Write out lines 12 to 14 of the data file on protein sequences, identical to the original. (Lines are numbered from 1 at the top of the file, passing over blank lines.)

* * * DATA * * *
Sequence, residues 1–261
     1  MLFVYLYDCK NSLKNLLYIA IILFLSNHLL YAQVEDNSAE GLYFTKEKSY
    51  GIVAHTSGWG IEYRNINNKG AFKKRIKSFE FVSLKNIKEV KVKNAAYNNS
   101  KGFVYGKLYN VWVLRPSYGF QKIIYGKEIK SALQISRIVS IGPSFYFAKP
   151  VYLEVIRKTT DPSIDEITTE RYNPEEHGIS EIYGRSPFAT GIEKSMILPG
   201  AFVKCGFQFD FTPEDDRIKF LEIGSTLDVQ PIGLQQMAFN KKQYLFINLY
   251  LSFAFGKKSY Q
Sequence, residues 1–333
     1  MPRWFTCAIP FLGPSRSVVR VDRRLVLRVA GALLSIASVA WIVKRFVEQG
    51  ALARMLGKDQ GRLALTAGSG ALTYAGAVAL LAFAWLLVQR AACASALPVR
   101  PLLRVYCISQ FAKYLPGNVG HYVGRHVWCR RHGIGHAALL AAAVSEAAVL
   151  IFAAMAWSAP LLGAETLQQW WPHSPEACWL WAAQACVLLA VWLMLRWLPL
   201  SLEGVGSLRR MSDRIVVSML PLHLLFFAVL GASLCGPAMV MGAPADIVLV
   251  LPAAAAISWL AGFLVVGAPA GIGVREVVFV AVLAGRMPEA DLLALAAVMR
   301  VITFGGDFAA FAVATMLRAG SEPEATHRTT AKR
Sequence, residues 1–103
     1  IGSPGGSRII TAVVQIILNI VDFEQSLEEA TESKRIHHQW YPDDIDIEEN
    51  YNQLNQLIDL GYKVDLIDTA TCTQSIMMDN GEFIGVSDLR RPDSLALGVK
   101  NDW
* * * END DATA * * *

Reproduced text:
   151  IFAAMAWSAP LLGAETLQQW WPHSPEACWL WAAQACVLLA VWLMLRWLPL
   201  SLEGVGSLRR MSDRIVVSML PLHLLFFAVL GASLCGPAMV MGAPADIVLV
   251  LPAAAAISWL AGFLVVGAPA GIGVREVVFV AVLAGRMPEA DLLALAAVMR